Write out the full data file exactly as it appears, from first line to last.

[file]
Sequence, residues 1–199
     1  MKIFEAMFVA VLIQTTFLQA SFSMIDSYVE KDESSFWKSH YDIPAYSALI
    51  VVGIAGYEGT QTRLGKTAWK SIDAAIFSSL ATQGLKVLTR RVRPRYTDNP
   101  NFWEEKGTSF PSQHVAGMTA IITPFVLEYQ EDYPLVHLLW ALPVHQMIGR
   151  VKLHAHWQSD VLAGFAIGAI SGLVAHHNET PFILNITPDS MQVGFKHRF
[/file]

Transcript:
Sequence, residues 1–199
     1  MKIFEAMFVA VLIQTTFLQA SFSMIDSYVE KDESSFWKSH YDIPAYSALI
    51  VVGIAGYEGT QTRLGKTAWK SIDAAIFSSL ATQGLKVLTR RVRPRYTDNP
   101  NFWEEKGTSF PSQHVAGMTA IITPFVLEYQ EDYPLVHLLW ALPVHQMIGR
   151  VKLHAHWQSD VLAGFAIGAI SGLVAHHNET PFILNITPDS MQVGFKHRF